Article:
An In-Silico Testbed for Fast and Accurate MR Labeling of Orthopaedic Implants

  1. Electrical & Computer Eng. Dept. Worcester Polytechnic Institute, Worcester MA 01609-2280 USA
  2. Ansys, Inc., 2600 Ansys Drive, Canonsburg, PA 15317 USA
  3. Dassault Systèmes Deutschland GmbH, Bad Nauheimer Str. 19, 64289 Darmstadt, Germany
  4. Neva Electromagnetics, LLC, 1010 Main St., Holden, MA 01520
  5. GE HealthCare, 500 W Monroe Street, Chicago, IL, 60661 USA
  6. Micro Systems Engineering, Inc., an affiliate of Biotronik, 6024 Jean Road, Lake Oswego, OR 97035 USA
  7. Musculoskeletal Translational Innovation Initiative, Department of Orthopedic Surgery, Beth Israel Deaconess Medical Center and Harvard Medical School, 330 Brookline Ave, RN123, Boston, MA, 02215 USA
  8. Harvard Medical School, Boston, MA 02115 USA
  9. Athinoula A Martinos Center for Biomed. Imaging, Massachusetts General Hospital 149 13, St. Charlestown, MA 02129 USA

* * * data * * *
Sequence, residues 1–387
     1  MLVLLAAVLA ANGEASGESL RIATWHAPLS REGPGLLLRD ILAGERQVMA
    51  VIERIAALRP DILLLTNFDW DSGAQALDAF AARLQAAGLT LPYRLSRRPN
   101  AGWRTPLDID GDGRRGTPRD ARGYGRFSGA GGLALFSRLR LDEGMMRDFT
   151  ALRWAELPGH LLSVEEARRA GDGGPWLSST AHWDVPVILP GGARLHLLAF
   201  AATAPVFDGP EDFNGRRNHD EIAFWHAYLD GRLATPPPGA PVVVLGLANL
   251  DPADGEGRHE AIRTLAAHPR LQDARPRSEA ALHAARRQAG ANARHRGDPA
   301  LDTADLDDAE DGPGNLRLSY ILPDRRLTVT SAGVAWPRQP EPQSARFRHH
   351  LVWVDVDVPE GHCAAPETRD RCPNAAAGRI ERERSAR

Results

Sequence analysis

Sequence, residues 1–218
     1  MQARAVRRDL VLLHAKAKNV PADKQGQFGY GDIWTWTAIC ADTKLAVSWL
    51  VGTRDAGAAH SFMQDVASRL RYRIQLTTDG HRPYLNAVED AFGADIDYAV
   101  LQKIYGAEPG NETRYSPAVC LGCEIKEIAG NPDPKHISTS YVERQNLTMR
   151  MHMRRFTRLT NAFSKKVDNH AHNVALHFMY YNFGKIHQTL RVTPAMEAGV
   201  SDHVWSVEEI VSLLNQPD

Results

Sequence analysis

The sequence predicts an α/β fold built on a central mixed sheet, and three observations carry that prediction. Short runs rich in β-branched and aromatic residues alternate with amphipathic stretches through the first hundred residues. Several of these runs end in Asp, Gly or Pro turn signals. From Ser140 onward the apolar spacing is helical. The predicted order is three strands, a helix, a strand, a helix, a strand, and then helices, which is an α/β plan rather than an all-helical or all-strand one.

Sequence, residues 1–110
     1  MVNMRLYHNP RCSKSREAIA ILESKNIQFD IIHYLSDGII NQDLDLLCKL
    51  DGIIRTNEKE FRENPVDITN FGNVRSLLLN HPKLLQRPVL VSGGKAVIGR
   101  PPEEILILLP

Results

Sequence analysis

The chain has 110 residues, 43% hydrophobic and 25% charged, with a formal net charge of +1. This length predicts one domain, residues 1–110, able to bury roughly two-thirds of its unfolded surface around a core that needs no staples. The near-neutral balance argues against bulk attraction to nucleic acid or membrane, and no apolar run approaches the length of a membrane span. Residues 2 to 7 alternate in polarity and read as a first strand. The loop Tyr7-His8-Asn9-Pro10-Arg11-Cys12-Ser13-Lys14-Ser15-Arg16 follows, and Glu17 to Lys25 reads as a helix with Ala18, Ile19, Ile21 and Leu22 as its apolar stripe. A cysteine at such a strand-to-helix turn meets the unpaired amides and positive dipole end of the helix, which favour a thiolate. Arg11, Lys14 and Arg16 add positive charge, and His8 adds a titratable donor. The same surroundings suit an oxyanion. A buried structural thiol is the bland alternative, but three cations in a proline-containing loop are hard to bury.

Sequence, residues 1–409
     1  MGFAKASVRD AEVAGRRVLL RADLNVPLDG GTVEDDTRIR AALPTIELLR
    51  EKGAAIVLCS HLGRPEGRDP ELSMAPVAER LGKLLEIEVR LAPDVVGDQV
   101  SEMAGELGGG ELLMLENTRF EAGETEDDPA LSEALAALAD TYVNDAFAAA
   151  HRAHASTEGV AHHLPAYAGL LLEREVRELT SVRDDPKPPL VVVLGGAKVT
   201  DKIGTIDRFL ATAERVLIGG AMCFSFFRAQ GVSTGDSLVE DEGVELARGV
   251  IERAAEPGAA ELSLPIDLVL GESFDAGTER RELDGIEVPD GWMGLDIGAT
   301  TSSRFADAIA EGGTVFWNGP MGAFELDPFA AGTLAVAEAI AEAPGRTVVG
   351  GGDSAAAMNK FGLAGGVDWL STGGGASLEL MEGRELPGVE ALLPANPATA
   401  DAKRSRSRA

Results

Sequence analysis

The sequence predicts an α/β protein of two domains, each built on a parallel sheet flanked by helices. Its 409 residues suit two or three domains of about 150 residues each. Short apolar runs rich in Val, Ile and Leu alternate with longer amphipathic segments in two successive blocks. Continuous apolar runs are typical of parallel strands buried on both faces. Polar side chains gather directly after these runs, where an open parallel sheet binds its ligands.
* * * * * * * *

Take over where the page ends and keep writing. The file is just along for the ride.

Peer review process

Revised: This Reviewed Preprint has been revised by the authors in response to the previous round of peer review; the eLife assessment and the public reviews have been updated where necessary by the editors and peer reviewers.

Read more about eLife’s peer review process.


  • Reviewing Editor
    Peng Liu
    Shanxi Medical University, Taiyuan, China
  • Senior Editor
    Aleksandra Walczak
    École Normale Supérieure - PSL, Paris, France

Reviewer #1 (Public Review):


In this work authors are trying to satisfy a real need in MR safety, when concerns can rise about the thermal increase due to metallic materials in patients carrying orthopedic implants. The "MR conditional" labeling of the implant obtained by ASTM in-vitro tests may help to plan the MR scan, but it is normally limited to a single specific MR sequence and a B0 value, and it is not always available. The adoption of an in-silico simulation testbed overcomes this limitation, providing a fast and reliable prediction of temperature increase from RF, in real-life scan conditions on human-like digital models. The FDA is pushing this approach.